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Why digital transformation is essential in Africa

In today’s COVID-19 environment, digital transformation is about survival – the survival of your livelihood, whether that’s in your business or in your job. In 2020, it dawned on us that if you’re in lockdown with no digital skills, then you may be locked out of the economy, which has had to shift online in our current climate. – Article written by Aphiwe Mame.

When we say that the digital era has brought a fundamental shift in the global economy, what do we mean? How has technology affected our work, our play and our lives over the past year?

From celebrities going live on Instagram, to church services held on Facebook, news bulletins streamed on YouTube, couples getting wed in livestreamed ceremonies, and families staying connected on Whatsapp… online interactions took centre stage last year. These trends took off internationally and South Africans with the means to join followed suit. 

There is still much work for South Africa to do in developing the needed technological infrastructure, access and the accompanying skills. “The speed of change in science and technology demands an equal speed in acquiring the skills that the industry demands,” said Department of Communications and Digital Technologies minister, Stella Ndabeni-Abrahams at a Youth Day webinar last month.

As a member of the BRICS grouping of rapidly developing economies, South Africa is well-positioned to become a global leader in technological innovation. How are we seeing this play out in real life?

A Rise in Influencer Marketing

In an effort to create authentic and relatable content for their marketing, brands have been partnering with digital creatives and influencers to grow the digital marketing space. These influencer marketing collaborations have proven to be lucrative for both young South African digital marketers and businesses.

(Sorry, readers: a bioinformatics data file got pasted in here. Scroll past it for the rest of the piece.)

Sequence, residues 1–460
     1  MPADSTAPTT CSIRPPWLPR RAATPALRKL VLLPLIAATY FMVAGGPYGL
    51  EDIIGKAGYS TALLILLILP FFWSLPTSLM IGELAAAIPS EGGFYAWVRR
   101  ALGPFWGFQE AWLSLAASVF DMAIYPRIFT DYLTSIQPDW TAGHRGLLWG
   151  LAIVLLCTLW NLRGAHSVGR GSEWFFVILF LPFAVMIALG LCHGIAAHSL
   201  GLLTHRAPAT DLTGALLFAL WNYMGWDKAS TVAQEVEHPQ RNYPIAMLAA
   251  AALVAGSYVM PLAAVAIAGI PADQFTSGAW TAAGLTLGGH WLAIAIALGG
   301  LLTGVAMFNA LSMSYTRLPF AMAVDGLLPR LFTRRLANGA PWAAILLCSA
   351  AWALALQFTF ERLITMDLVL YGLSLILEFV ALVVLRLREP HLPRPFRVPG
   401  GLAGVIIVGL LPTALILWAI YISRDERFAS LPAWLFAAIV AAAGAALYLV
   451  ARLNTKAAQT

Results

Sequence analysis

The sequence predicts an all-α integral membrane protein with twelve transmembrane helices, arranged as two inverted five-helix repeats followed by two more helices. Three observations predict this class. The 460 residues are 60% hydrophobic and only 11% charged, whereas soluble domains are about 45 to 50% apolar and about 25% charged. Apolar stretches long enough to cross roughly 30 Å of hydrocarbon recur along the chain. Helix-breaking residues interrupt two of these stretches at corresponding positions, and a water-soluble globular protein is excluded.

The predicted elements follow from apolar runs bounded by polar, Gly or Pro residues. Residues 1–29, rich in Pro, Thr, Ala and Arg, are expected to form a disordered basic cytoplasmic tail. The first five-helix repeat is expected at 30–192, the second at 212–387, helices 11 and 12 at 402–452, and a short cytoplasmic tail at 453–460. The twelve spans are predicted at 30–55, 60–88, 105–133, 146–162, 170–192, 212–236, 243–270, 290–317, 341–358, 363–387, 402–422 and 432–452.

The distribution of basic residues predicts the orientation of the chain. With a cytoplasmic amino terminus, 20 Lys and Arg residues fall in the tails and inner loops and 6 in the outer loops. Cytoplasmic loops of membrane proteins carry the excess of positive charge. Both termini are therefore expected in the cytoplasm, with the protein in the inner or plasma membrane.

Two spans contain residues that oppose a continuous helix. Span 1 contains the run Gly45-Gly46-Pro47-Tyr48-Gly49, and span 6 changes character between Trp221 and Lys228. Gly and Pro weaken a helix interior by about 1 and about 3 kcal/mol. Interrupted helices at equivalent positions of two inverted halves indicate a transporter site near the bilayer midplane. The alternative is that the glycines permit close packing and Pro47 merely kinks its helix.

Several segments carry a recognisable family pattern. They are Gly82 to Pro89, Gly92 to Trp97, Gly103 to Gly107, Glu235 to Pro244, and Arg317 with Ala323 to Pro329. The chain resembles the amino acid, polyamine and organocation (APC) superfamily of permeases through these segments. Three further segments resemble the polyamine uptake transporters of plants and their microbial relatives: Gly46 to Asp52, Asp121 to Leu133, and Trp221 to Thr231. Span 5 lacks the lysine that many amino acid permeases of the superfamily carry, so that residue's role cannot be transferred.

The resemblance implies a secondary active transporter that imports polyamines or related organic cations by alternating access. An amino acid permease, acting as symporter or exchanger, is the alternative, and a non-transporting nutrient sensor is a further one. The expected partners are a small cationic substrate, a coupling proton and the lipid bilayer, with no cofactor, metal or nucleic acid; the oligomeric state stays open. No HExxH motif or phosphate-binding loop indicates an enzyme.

Mihlali Ndamase and Gugulethu Nyanstumba are two such online marketing personalities who have hit their stride collaborating with large brands. Ndamase is a brand strategist, certified makeup artist, and co-Founder of Siyasizana Foundation. She has teamed up with the likes of Revlon and Superbalist. Nyanstumba is a lifestyle digital content creator who has collaborated with brands such as Always and Avon.

That’s just the tip of the iceberg in the beauty industry. The range of industries in which influencers now work spans from beauty to books, from gaming to sports, from energy to transportation, from fitness to food, and from grooming to streetgear. Companies are throwing open the doors of opportunity for those willing to learn digital skills, build an audience and market themselves strategically.

With customers being discouraged to leave home, it has become essential for businesses to use technology to create alternative avenues of communication and engagement. It turns out that these online channels could also enhance their service offering and their bottom line.

According to research conducted by Citrix, 92% of companies across South Africa’s key industries agree that digital adoption directly affects company profits. Experts predict that digitisation will continue to grow post-COVID-19. 

Now more than ever, digital transformation is a critical transformation for all businesses, brands, and enterprises. With the right approach, businesses can come out of this stronger, more agile, and more customer-centric than before.

As we delve into this new digital culture, it will be key for us is to observe, learn, understand, and then become involved to create new opportunities for businesses and for ourselves. 

If you’re looking to learn digital marketing skills, start where your audience is likely to be – Facebook. Kick off your studies with a classroom right in the palm of your hand, on our Whatsapp bot, Naledi